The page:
So. Africa: Govt. publishes new mandatory COVID-19 code of practice for mining companies as cases continue to rise and unions demands all employees to be tested

On the 19th of May, the Department of Mineral Resources and Energy announced the guidelines which require miners to implement a code of practice to mitigate and manage the outbreak of COVID-19. It said a failure by employers to prepare and implement a code would constitute a criminal offence but did not specify any penalties. The guidelines outline sterilisation, screening and testing measures, require miners provide flu vaccinations, allow physical distances of 1-2m and provide relevant PPE for areas of mass transit or close contact. This as AngloGold Ashanti Ltd reported 164 cases of the novel coronavirus among its workers at a gold mine raising new questions about how to prevent the virus from spreading in deep underground mines. Last week, Impala Platinum revealed that a "cluster" of 19 cases of Covid-19 had been detected at its Marula mine in Limpopo. The infections were detected during screening and protocols required by government. Some mining union have demanded that all mining companies with infections be closed while other demand that all employees be tested.

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Article
27 May 2020

So. Africa: Govt. publishes new mandatory code of practice for mining companies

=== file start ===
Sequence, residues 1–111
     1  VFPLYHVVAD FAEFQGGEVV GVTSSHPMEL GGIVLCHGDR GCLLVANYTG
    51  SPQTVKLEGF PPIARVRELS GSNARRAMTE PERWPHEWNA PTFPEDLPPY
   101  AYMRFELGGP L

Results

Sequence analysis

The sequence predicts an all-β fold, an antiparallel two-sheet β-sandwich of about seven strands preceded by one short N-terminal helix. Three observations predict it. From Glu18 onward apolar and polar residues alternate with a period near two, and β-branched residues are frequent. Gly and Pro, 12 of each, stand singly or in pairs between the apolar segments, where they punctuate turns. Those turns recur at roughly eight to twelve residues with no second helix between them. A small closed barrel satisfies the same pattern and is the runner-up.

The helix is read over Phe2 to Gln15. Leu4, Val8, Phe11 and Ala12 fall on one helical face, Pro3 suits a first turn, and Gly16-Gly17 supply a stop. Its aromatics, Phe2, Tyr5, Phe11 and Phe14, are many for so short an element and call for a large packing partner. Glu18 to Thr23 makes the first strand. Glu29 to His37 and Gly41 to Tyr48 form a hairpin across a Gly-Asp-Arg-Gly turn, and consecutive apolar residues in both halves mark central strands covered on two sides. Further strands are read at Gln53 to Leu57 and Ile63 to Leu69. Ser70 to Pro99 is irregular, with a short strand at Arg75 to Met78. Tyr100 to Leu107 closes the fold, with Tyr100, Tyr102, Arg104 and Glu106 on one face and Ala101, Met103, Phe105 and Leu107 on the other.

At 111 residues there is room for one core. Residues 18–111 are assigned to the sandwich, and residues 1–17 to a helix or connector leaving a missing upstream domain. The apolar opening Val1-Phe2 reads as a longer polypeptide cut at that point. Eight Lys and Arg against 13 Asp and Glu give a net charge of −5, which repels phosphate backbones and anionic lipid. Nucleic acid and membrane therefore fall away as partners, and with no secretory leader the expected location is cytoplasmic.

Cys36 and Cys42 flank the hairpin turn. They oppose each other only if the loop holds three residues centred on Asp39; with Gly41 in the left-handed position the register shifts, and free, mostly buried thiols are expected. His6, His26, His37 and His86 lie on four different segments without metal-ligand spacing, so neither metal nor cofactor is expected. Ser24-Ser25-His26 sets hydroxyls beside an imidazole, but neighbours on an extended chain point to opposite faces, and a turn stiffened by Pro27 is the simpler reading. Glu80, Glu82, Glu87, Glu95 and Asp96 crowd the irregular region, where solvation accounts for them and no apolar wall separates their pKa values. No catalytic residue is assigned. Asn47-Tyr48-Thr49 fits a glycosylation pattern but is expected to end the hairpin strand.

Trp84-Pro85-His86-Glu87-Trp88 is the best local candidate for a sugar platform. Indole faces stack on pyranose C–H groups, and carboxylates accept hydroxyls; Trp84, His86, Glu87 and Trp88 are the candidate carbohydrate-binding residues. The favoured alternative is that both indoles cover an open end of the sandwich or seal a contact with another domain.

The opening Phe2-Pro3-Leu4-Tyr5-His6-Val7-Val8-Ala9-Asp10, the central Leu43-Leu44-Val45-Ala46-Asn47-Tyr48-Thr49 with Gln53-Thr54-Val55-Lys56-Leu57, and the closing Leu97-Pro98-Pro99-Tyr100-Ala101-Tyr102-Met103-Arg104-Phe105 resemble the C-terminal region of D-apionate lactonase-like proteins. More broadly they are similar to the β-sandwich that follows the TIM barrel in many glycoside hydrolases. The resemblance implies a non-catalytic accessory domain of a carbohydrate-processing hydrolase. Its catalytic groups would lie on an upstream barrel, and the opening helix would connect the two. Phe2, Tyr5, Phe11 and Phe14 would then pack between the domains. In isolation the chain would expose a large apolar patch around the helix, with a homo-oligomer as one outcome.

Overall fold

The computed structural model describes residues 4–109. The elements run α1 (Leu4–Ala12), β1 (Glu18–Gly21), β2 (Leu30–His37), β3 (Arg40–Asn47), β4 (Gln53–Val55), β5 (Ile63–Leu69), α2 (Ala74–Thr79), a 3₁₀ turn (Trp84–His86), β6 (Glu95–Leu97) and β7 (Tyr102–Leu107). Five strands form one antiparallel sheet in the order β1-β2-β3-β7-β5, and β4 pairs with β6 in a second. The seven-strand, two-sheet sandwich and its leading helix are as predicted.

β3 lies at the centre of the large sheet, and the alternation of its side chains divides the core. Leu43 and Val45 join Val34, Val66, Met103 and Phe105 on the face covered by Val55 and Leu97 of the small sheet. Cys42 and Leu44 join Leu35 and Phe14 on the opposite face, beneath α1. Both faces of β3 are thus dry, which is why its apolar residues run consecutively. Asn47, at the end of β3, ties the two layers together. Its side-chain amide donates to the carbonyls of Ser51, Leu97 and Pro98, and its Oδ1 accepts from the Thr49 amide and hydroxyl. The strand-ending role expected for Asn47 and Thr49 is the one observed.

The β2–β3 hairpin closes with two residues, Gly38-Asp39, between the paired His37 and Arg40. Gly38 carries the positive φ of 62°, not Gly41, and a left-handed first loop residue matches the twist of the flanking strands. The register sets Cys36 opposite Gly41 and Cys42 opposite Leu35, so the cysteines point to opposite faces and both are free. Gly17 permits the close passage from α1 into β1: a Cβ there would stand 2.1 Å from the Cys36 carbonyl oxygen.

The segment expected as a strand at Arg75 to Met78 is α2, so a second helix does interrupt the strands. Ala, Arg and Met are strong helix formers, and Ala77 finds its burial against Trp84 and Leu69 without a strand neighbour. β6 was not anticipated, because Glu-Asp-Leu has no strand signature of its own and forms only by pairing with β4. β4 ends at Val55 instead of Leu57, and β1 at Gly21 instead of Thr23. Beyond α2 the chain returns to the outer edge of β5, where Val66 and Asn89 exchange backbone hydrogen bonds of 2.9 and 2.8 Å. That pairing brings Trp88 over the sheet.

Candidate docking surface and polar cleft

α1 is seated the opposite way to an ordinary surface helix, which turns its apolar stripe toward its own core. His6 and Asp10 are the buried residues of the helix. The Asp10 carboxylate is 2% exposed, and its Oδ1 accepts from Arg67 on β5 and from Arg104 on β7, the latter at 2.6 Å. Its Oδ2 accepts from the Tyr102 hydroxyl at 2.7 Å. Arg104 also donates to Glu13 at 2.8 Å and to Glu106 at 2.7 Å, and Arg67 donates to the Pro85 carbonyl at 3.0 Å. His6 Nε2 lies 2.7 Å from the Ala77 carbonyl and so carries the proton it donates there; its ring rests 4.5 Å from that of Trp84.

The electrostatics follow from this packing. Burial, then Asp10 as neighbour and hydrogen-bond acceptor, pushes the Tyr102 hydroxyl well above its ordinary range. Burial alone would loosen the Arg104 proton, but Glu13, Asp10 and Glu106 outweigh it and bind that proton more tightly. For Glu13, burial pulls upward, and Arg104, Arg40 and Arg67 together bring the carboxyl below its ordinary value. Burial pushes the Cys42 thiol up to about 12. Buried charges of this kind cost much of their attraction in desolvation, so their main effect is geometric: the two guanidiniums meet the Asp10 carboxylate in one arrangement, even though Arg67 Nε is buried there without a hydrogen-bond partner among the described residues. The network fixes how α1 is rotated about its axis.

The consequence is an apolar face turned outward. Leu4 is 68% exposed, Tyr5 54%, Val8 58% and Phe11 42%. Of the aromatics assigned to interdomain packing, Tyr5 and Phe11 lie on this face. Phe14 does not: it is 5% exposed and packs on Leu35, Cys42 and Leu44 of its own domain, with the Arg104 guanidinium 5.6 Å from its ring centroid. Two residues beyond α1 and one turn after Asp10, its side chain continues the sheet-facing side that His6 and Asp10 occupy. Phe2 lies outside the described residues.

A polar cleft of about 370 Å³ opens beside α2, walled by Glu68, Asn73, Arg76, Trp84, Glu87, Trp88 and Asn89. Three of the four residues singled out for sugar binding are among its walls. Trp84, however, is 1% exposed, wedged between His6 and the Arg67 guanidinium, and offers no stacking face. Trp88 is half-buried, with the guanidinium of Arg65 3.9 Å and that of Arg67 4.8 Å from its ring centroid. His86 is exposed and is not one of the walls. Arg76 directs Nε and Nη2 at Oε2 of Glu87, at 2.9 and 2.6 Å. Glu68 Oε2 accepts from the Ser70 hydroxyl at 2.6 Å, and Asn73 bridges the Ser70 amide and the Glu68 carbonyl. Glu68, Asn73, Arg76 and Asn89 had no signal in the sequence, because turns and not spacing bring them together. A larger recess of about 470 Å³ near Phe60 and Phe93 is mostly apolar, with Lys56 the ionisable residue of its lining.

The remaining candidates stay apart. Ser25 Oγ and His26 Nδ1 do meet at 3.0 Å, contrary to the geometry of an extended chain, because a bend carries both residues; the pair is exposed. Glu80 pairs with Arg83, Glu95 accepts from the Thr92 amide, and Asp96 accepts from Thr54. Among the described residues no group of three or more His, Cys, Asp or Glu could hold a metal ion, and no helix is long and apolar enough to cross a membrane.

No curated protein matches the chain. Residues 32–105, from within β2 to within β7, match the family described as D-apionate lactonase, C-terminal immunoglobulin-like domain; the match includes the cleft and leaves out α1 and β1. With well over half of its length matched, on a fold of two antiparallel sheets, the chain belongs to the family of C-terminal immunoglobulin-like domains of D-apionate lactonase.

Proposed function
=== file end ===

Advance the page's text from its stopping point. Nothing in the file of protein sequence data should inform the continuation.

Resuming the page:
Author: Mining Journal (South Africa)

‘South Africa gazettes new COVID-19 guidelines as cases increase’ 20 May 2020

The Department of Mineral Resources and Energy announced the guidelines yesterday, which require miners to implement a code of practice to mitigate and manage the outbreak of COVID-19. It said a failure by employers to prepare and implement a code would constitute a criminal offence but did not specify any penalties. The guidelines outline sterilisation, screening and testing measures, require miners provide flu vaccinations, allow physical distances of 1-2m and provide relevant PPE for areas of mass transit or close contact.

…The new rules come as the number of COVID-19 cases in the industry has almost doubled, from 23 on Friday to 41 yesterday, according to the Minerals Council South Africa. It had announced the industry's first death due to COVID-19 last week and said it understood most of the cases at the time were not as a result of on-mine transmission. Impala Platinum has since suspended Marula due to a cluster of 19 cases "at and around" the platinum group metals operation in the Limpopo province.

…"The Minerals Council believes the industry will be comfortable about observance of the guidelines," it said yesterday. Resources minister Gwede Mantashe has conducted unannounced visits to mining operations to monitor compliance with lockdown regulations. The country employs about 500,000 people in the mining industry. South Africa has 17,200 confirmed COVID-19 cases and 312 deaths, according to Johns Hopkins University today

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Article
27 May 2020

So. Africa: Mine union calls for the shutdown of all mines in Limpopo province due to raising number Covid-19 cases

Author: Sibongile Khumalo, Fin24 (South Africa)

“An even bigger fight underground: The battle against Covid-19 in SA's mines” 21 May 2020

In the belly of the earth in South Africa, thousands of mine workers toil. Stretching up to four kilometres beneath the surface, these are some of the deepest mines in the world. And here, the fight against the coronavirus – already an uneasy task – takes on a different meaning. Barely a month after a limited return to production, infections have started rolling in, sparking anxiety among executives and unions alike.